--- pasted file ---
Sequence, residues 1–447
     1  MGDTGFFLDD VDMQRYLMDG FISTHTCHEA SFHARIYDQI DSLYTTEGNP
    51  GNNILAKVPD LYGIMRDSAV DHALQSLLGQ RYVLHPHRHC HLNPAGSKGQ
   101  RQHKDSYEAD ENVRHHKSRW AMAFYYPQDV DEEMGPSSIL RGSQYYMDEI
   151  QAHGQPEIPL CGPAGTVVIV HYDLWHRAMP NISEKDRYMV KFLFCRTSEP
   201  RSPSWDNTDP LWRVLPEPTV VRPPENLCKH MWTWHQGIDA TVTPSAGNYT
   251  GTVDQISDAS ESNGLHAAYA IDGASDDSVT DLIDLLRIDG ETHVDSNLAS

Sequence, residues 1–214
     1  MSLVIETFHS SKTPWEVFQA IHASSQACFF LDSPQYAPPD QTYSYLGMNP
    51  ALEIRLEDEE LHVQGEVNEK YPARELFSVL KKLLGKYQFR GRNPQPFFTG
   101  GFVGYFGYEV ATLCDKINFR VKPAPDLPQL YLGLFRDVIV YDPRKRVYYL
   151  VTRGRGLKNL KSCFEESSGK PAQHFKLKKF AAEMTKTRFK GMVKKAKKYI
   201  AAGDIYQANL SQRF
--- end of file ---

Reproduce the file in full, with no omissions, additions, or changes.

Sequence, residues 1–447
     1  MGDTGFFLDD VDMQRYLMDG FISTHTCHEA SFHARIYDQI DSLYTTEGNP
    51  GNNILAKVPD LYGIMRDSAV DHALQSLLGQ RYVLHPHRHC HLNPAGSKGQ
   101  RQHKDSYEAD ENVRHHKSRW AMAFYYPQDV DEEMGPSSIL RGSQYYMDEI
   151  QAHGQPEIPL CGPAGTVVIV HYDLWHRAMP NISEKDRYMV KFLFCRTSEP
   201  RSPSWDNTDP LWRVLPEPTV VRPPENLCKH MWTWHQGIDA TVTPSAGNYT
   251  GTVDQISDAS ESNGLHAAYA IDGASDDSVT DLIDLLRIDG ETHVDSNLAS

Sequence, residues 1–214
     1  MSLVIETFHS SKTPWEVFQA IHASSQACFF LDSPQYAPPD QTYSYLGMNP
    51  ALEIRLEDEE LHVQGEVNEK YPARELFSVL KKLLGKYQFR GRNPQPFFTG
   101  GFVGYFGYEV ATLCDKINFR VKPAPDLPQL YLGLFRDVIV YDPRKRVYYL
   151  VTRGRGLKNL KSCFEESSGK PAQHFKLKKF AAEMTKTRFK GMVKKAKKYI
   201  AAGDIYQANL SQRF